Chiloglanis frodobagginsi occurs in the upper Niger River drainage in Guinea and further downstream in the Niger River near Bamako (Fig. 1; Daget, 1959). This species was collected in several tributaries to the Niger River in Guinea and also collected in the upper reaches of the Moa River drainage (Masseni River), a coastal river drainage. Only two specimens were collected in the Moa River drainage and no tissues were retained. Given that most species of Chiloglanis in the region are restricted to individual river drainages and since the Moa River drainage is on the other (i.e., west) side of the Guinean Range from the Niger River drainage, this population may be a distinct species. For this reason, these specimens were not included in the type material for C. frodobagginsi. In the Tinkisso River, C. frodobagginsi was collected below the waterfall over small gravel in the middle of the channel. Chiloglanis waterloti is also found in the Tinkisso River, but this species is usually associated with woody debris or large rocks.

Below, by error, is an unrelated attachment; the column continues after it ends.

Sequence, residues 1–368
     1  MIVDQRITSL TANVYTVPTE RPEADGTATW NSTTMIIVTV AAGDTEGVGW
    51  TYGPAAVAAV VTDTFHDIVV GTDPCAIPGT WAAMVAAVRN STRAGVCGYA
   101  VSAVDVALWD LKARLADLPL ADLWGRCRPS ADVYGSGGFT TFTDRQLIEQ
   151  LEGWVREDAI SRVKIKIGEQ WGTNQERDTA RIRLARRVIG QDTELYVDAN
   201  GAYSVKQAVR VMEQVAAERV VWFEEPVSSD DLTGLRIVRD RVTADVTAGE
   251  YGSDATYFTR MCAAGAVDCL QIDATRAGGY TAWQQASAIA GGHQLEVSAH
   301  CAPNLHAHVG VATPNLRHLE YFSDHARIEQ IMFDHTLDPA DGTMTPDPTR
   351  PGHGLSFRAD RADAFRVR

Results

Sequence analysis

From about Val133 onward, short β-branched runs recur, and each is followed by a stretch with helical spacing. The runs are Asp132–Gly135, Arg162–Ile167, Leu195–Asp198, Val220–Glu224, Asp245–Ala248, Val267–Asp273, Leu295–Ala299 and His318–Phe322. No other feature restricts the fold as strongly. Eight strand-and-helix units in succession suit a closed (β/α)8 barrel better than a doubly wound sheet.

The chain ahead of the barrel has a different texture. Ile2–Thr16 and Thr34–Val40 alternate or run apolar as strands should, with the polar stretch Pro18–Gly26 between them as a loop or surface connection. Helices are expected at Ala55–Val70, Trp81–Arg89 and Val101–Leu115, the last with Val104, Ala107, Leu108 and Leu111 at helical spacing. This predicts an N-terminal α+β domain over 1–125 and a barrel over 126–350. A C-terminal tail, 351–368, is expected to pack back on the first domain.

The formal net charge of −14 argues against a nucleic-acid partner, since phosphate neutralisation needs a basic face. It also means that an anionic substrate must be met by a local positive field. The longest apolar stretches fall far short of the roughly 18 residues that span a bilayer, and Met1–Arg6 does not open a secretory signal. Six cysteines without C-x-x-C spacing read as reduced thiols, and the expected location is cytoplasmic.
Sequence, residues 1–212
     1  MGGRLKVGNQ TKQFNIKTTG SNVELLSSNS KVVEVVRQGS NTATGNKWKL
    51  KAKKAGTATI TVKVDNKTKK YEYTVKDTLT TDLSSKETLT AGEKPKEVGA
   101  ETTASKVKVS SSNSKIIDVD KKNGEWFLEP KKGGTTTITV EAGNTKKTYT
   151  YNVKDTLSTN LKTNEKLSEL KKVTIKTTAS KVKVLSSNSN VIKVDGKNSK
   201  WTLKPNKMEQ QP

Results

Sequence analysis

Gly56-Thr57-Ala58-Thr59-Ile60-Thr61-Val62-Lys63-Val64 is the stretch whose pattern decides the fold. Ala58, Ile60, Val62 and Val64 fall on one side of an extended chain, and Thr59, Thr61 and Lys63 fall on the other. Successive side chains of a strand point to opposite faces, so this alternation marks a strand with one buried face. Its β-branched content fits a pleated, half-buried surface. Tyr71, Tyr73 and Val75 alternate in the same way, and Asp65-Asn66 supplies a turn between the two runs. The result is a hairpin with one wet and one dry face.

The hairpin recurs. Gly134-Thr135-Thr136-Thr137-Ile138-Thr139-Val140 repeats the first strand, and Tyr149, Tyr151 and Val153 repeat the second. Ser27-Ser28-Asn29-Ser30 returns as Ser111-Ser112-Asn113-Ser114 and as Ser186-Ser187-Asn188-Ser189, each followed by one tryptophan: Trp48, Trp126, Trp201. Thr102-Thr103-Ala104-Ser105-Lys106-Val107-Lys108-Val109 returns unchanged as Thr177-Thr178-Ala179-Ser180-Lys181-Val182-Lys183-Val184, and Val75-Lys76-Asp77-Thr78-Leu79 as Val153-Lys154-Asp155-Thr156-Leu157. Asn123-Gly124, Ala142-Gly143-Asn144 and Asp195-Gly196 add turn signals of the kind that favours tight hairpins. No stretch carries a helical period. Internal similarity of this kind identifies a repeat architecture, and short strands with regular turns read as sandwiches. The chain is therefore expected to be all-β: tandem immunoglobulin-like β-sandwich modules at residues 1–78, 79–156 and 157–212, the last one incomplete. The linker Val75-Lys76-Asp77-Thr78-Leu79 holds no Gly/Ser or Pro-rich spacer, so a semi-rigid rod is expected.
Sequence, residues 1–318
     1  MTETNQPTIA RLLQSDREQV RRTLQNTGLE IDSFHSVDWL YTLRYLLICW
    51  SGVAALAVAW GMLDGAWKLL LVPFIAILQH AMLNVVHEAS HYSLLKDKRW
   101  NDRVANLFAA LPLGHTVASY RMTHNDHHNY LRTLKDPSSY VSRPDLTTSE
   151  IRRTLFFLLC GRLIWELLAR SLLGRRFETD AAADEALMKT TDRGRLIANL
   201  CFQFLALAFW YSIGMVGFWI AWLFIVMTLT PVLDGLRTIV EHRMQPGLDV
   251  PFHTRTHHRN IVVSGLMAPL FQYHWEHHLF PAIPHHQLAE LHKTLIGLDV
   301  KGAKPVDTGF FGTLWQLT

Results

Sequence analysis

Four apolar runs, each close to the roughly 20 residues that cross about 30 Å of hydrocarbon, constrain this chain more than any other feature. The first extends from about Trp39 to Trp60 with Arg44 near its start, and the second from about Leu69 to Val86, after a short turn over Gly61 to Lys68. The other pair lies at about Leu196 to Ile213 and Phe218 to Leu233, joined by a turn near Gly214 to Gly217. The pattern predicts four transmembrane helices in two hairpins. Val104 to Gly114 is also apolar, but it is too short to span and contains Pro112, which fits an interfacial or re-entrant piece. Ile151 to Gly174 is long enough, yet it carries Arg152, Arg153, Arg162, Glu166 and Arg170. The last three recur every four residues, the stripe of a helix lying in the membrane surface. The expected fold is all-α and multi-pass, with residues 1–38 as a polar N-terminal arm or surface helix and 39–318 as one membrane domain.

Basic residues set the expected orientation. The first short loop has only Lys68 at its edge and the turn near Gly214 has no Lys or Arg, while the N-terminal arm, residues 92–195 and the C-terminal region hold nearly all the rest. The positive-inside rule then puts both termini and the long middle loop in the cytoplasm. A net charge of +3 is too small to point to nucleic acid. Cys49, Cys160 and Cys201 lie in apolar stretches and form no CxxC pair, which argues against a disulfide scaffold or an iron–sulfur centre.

The affinity between Chiloglanis frodobagginsi and C. micropogon was first reported in research on fishes in the upper Niger River drainage (Daget, 1954, 1959). The large distance between the populations in the upper Niger River and the Lualaba River (Congo River drainage) warranted further examinations of these specimens (Daget, 1959). Daget sent specimens from the upper Niger River to Max Poll for comparison to those that Poll described as C. micropogon from the Congo River drainage (Poll, 1952; Daget, 1959). Poll noted some variation between the different populations, but it wasn't enough to readily distinguish one from the other (Daget, 1959). Daget also noted their diminutive size and rarity relative to the co-occurring specimens of C. waterloti (Daget, 1954). Herein we noted another aspect of these specimens that wasn't directly noted: the apparent lack of an elongated upper caudal-fin lobe and an elongate and spatulate postcleithral process in males. An examination of the type specimen of C. micropogon and the sketch of the holotype clearly shows an elongated upper caudal-fin lobe (Poll, 1952, fig. 3, page 228). The larger specimens collected in recent expeditions were mostly females, and none of the males collected showed an elongated upper caudal-fin lobe. More specimens of C. frodobagginsi are needed to better understand if this species also displays those sexually dimorphic characteristics, or if the lack of sexual differentiation can be a useful trait in distinguishing both species. Chiloglanis frodobagginsi is also genetically distinct from C. micropogon with a divergence observed of 3.6% in cytochrome b and 6.2% in Growth Hormone intron 2 (Schmidt et al., 2016).